The last ten Bundesliga titles have gone to one and the same club, Bayern Munich. For the past decade, no one has been allowed to sit at his table. If this sporting success is impressive and beautiful, it cannot be separated from the unprecedented financial lead the Bavarian club took over number two, Borussia Dortmund. Bayern have always had more money. The last time Bayern failed to take national laurels, in 2012, the Bavarian superclub took in 350 million in revenue, compared to around 200 million for then-champions Borussia Dortmund. In the years that followed, this gap widened even further. With the help of its shareholders Adidas, Audi and Allianz, Munich’s population grew at an unprecedented rate, reaching 750 million euros in the last year before the Covid crisis. During this period, international football also became more and more important in terms of image and turnover. The larger and more successful clubs began to claim larger and larger shares in the television revenues and distributed income. Bayern took advantage of this. Although the German autocrat lost a hundred million during the coronavirus period when the stadiums were empty, the expectation remains that next season he will find the record level of revenue that he had achieved during the 2018-19 financial year. Although the Bundesliga’s televised revenues are much lower than the Premier League’s, Bayern can still compete with the biggest clubs in the world thanks to the money from the sponsors, the profitability of the stadium and the impressive revenue generated by derivatives. Products. Indeed, in terms of income, Bayern is currently the third club in Europe, after Manchester City and Real Madrid. Its main rival on the national stage is logically struggling to keep up with this frenzied growth. The Borussen have also developed well and achieved a turnover of more than 300 million euros last year, but this figure does not even reach half that of Munich. The gap between the two clubs has grown from 150 to 350 million in ten years. This massive gap allows Bayern to spend twice as much to offer attractive wages as the runner-up. And without running the slightest risk of budget deficit, the rest of the Bundesliga is already light years away, not least because Germany’s current ban on the sale of club shares does not allow them to appeal. on major investors to catch up. Last season, Der Rekordmeister paid 350 million salaries. Robert Lewandowski earns around £20m a year, roughly double that of Dortmund’s highest paid player, Marco Reus. In short, while all clubs have benefited financially from the commercialization of football, it is also leading to economic polarization. Only in the Bundesliga is this manifested in such an extreme way. Bayern cannot and will not pay the outrageous, almost unjustified wages of Lionel Messi and Kylian Mbappe, but with a few exceptions, Munich offers competitive salaries at the very top. Borussia Dortmund cannot. He has yet to sell his best players, because ten million euros gross is not enough to compete with the international elite clubs. As long as Bayern’s management maintains a good policy, the club will be extremely difficult to beat in 34 games. Last year manager Oliver Kahn anticipated the next rain of beer, which will symbolize winning the domestic title: “Now that Juventus have not become Italian champions, we can do what has never been done before in a championship at the highest level: ten times winning in a row At Bayern-jäger, a special term has even emerged to refer to the courageous club trying to steal the trophy from the almost certain champion.Meanwhile, several European leagues are preparing to experience a scenario similar to is with what is happening in Germany. In Austria, Red Bull Salzburg is about to claim their ninth title. Earlier this month, Ludogorets even took their eleventh title in a row in Bulgaria. In recent years, Juventus (nine titles in a row between 2012 and 2020) and Celtic (also nine) have largely flown over their respective competitions.In Croatia, Dinamo Zagreb is on course for a 16th national championship in seventeen years and in France last Saturday the red-and-blue confetti cannons sounded to celebrate Paris Saint-Germain’s eighth title in ten years. † In some countries, the tension of the domestic competition has become increasingly monotonous as a result and Bayern is also a source of inspiration for Ajax. The Amsterdam club cannot completely copy the German model, they simply play in a lesser competition and are always forced to sell their best talents. But it is also true that Ajax offers twice as high a salary as PSV. In an effort to keep pace, the Eindhoven club has built up a war chest with the support of their sponsors. The other clubs from the other side of Moerdijk, on the other hand, can no longer follow. It would therefore be very unlikely that a double surprise such as the titles of modest AZ Alkmaar in 2009 and FC Twente in 2010 would be repeated in the Netherlands. Fortunately, money is not always enough to secure trophies and surprises keep happening, like this season as Villarreal reached the semi-finals of the Champions League, notably leaving Bayern and Juventus, two dominant clubs in their countries. Ajax’s semi-finals in 2019 and Leicester City’s Premier League title in 2016 are other striking examples that show that the dream of a performance is still possible. Even though those opportunities are becoming increasingly scarce, various studies show that the percentage of victories of underdogs has been falling for twenty years and that the diversity of national champions in Europe has declined during this period. In addition, the national championships are decided on average earlier in the season. Europe’s most prestigious cup has been won by just five clubs from three different countries in the past ten years. Leaders regularly recognize that competitive play is increasingly in danger of becoming an economic formula. That’s why they use the term competitive balance – slang for better financial balance between clubs to increase the chances of exciting and surprising football. In practice, however, this is not the case. While many domestic leagues have started to distribute the money for TV rights more evenly, the dramatic increase in these TV revenues has actually widened the gap in absolute amounts. The Bundesliga is known as one of the leagues in Europe where revenues are should be redistributed. Nevertheless, Bayern Munich’s advantage in TV rights money has become even greater compared to a decade ago. UEFA reinforces this formalization of budget differences by paying European bonuses largely based on past performance. So if Borussia Dortmund do better, there’s a good chance Bayern will continue to take a bigger chunk of the loot. How predictable can the world’s most popular sport become before it’s discredited? Where are we heading in the coming decades? Will football remain a top sport with many beautiful underdog stories that surprise? Will it become more of an ordinary industry in which the balance of power and profit between companies is practically fixed in advance? This discussion will take place behind the scenes in the coming years. Because this tenth title in a row from Bayern Munich is not only an exception in the record books, it is also a symbol of the new football. Given the excellent policy, the very sound business management, the way in which the corona crisis has been overcome and the sporting achievements that have been achieved over the past ten years, Bayern Munich remains a model club in European football. But there is also a downside that should lead to some reflection.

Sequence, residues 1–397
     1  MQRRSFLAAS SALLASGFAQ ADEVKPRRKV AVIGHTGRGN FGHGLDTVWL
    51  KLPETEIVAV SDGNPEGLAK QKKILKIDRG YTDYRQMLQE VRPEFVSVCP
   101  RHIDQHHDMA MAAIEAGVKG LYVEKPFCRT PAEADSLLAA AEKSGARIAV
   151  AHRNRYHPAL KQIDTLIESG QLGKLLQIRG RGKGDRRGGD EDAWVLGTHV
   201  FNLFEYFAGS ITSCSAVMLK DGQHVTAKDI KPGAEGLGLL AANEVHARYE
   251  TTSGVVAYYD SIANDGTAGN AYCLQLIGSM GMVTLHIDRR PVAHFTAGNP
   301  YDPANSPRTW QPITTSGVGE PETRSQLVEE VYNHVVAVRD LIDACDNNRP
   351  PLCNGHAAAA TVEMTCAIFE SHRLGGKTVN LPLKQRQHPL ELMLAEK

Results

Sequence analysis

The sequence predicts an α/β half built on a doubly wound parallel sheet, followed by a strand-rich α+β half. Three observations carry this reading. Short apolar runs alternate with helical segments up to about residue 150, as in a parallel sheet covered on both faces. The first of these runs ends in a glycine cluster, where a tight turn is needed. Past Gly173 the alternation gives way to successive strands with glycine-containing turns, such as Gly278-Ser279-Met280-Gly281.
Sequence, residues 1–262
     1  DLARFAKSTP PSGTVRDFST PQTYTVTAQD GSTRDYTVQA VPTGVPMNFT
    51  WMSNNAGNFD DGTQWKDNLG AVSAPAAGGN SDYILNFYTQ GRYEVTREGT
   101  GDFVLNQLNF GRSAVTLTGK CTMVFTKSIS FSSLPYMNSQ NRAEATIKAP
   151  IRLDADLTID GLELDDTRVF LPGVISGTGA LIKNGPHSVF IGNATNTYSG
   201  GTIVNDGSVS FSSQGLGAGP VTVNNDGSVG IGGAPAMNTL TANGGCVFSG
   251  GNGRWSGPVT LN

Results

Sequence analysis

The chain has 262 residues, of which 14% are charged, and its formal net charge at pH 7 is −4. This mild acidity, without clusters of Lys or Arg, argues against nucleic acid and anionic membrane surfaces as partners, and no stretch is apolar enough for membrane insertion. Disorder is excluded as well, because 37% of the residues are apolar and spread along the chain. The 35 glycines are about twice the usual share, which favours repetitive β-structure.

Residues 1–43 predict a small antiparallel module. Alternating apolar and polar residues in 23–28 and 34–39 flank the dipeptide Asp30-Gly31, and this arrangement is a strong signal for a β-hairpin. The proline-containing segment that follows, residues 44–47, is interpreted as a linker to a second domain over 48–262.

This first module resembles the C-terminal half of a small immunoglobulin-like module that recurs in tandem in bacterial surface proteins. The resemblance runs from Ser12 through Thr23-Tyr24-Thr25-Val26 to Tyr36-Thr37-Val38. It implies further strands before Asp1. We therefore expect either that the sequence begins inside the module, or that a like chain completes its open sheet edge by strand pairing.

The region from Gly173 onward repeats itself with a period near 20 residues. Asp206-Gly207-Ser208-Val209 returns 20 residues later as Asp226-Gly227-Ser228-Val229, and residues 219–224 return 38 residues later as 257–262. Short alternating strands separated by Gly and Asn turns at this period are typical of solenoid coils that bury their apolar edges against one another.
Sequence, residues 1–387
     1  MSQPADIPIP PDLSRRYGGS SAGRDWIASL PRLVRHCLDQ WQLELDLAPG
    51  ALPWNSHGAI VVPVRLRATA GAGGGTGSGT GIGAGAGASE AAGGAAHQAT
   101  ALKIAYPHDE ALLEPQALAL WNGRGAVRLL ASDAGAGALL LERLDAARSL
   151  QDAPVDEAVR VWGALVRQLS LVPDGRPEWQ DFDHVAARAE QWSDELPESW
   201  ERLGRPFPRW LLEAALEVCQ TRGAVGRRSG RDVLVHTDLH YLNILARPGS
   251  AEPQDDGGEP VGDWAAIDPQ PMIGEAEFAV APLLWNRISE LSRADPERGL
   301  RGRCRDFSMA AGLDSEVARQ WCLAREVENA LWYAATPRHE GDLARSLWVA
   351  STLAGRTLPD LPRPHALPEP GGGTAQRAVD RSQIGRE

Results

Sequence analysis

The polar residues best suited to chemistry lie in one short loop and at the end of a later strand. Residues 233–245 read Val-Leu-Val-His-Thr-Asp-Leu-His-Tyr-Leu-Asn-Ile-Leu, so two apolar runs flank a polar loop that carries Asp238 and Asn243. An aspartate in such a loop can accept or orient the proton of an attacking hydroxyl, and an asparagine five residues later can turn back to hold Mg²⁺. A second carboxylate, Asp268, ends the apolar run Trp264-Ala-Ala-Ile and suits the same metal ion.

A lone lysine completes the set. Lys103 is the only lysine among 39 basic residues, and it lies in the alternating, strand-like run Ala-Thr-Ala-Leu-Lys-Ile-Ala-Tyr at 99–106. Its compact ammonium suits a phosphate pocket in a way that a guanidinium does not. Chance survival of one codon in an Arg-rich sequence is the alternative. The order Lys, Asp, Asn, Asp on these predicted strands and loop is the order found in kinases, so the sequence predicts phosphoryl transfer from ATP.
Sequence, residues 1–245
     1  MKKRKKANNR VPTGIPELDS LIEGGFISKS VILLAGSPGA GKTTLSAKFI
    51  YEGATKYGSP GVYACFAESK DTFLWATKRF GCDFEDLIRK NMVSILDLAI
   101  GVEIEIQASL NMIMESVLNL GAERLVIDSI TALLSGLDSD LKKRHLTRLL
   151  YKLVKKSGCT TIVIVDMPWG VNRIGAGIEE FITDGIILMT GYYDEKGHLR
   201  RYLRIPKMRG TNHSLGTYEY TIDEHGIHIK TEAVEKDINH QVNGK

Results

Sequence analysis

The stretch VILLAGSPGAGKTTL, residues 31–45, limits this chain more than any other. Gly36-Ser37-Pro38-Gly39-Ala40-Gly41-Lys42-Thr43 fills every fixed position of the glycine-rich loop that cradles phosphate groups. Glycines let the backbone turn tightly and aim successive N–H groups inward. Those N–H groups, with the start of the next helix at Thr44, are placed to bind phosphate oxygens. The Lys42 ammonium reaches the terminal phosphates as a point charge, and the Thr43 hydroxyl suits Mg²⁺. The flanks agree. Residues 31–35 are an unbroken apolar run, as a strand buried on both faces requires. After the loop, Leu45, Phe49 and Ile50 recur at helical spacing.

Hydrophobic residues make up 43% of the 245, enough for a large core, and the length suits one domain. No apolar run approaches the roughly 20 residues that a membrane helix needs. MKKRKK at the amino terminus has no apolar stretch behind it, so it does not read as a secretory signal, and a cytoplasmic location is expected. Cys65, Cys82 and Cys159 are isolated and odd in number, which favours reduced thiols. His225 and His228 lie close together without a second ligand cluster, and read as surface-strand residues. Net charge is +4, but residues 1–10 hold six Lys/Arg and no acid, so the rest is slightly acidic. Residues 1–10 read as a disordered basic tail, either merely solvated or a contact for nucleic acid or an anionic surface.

Leave a Comment